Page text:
“Wait, was I supposed to bring a gift?”
I turn my gaze from the floor to the well-dressed man standing beside me. There are only two of us in the elevator, so he must be talking to me.
“I think it’s a matter of personal preference,” I answer. “I’m the maid of honor so I had to be excessive.”
His eyebrows bob up as I adjust my grip on the Great-Dane-sized gift basket I’m carrying. The cellophane wrapping paper crinkles each time I move, echoing through the confined space just loudly enough to keep things weird. Because if everyone isn’t uncomfortable for the entire ride, are you even really in an elevator?
I’m low-key ecstatic when the doors glide open ten seconds later. With my basket now on the cusp of breaking both my arms and my spirit, I beeline it out of there and stride into the rooftop lounge where my best friend is hosting her pre-wedding party, drinking in the scent of heat and champagne as I maneuver through the sea of guests.
Like most maids-of-honor, I flung myself down the Etsy rabbit hole headfirst and ordered an obscene amount of decorations for tonight’s event. Burlap “Mr. & Mrs.” banners dangle from floating shelves behind the bar as twinkle lights weave around the balcony railings like ivy. Lace-trimmed mason jars filled with pink roses sit on every candlelit cocktail table. Cristina and I worked with the tenacity of two matrimonial Spartans to get everything ready this morning, and it’s clear that our blood, sweat and tears were very much worth it.
It’s then that I spot Cristina mingling near the end of the bar. Beautiful, petite and come-hither curvy, I’d hate her if she weren’t one of my favorite people ever. Her caramel hair spills down her back and her white high-low dress sets her apart from the crowd in just the right way—she’s a princess in the forest and we’re her adoring woodland animals. I’m her feisty chipmunk sidekick to my core.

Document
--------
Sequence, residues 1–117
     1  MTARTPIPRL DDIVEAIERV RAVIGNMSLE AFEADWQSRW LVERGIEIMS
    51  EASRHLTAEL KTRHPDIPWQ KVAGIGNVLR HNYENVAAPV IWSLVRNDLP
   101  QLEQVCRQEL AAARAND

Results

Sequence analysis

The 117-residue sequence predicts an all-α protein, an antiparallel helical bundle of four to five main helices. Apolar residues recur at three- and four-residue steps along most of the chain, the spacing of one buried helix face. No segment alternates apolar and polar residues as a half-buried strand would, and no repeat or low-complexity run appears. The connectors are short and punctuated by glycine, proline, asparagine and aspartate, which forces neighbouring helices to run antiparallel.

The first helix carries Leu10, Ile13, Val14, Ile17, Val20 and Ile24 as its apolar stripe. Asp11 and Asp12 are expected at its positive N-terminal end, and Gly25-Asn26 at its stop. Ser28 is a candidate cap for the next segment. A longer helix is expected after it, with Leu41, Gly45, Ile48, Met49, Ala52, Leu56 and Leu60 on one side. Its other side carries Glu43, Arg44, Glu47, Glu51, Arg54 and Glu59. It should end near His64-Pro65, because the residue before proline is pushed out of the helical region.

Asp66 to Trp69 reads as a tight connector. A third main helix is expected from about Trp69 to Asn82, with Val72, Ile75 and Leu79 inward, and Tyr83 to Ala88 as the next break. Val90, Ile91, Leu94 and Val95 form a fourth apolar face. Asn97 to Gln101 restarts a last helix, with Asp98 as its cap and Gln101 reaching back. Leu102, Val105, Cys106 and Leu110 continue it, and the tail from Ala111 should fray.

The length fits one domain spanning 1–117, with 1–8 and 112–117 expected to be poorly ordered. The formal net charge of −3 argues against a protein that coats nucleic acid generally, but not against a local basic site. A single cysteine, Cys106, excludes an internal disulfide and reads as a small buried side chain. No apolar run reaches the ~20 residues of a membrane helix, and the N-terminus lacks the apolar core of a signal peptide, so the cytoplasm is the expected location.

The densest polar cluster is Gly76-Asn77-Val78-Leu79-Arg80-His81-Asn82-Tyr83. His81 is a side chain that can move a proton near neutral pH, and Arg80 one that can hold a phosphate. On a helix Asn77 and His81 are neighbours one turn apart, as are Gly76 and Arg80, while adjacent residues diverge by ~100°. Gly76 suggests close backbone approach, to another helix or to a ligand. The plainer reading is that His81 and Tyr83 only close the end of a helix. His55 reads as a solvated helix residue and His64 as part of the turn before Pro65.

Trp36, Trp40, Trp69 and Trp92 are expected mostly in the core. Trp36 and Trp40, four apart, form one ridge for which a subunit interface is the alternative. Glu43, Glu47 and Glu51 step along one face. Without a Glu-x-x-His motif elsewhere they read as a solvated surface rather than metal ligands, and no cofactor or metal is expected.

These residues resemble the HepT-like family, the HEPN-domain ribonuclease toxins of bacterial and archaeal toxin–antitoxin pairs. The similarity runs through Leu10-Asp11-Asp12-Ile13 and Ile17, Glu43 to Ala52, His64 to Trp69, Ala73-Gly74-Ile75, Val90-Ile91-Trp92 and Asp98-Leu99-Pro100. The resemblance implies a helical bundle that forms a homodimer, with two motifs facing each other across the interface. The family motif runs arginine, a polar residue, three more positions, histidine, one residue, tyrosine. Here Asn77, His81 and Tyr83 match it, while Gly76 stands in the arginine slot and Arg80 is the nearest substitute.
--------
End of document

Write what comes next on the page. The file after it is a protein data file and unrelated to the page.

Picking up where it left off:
I place my gift on a nearby receiving table and give a little wave when I catch her eye. She’s waiting for me with a huge grin when I arrive at her side.
“Hey, lady!” she says, pulling me in for a hug. “Look at you, rolling in here looking all gorgeous.”
We step apart and I stand up a bit taller. “Why, thank you. I feel pretty good.”
It’s also very possible that Cristina is just so used to me dazzling the world with yoga pants and sweaters every day that my transformation seems more dramatic than it is.
“Were you able to get any writing done this afternoon?” she asks, handing me a glass of champagne from off the mahogany bar top.
I get a twisting knot in my gut at the mention of my writing, or lack thereof. Having been dying a slow literary death for almost a year, I’m never without some stomach-turning sensation for long. The final deadline for my next romance
novel is officially a month away and if I don’t deliver a bestseller by then—
“Okay, you’re making your freak-out face,” Cristina interjects. “I’m sorry, I shouldn’t have brought it up.”
I inhale a shallow breath and force a smile. “It’s fine. I’m good.”
“Let’s switch gears—are you sure it’s not weird that I’m having a pre-wedding party? Was booking the salsa band too much since I’m having one at the wedding, too?”
Beyond grateful for the booming trumpet and bongos that are drowning out my own thoughts, I turn to the corner and find the ten-piece group playing with addictive abandon. Cristina’s relatives, who are essentially non-trained professional salsa dancers, dominate the dance floor, and rightfully so. Cristina’s brother, Edgar, once tried to teach me the basics but I’m fairly confident I looked like a plank of wood that was given the gift of limbs. Cristina recommended dance lessons. Edgar suggested a bottle of aguardiente and prayer.
“The band is amazing,” I say as I swing back around, “and of course people have pre-wedding parties.” I’ve actually never heard of a pre-wedding party. An engagement party, yes. A bachelorette party, absolutely. But what’s going down tonight is basically a casual reception days before the mega-reception.
“Jason and I just have so many people coming in from out of town, plus we wanted the bridal party to get acquainted. We figured a little get-together would be fun.”
“I’m all for it. Who doesn’t want to pre-game for a wedding a week in advance?”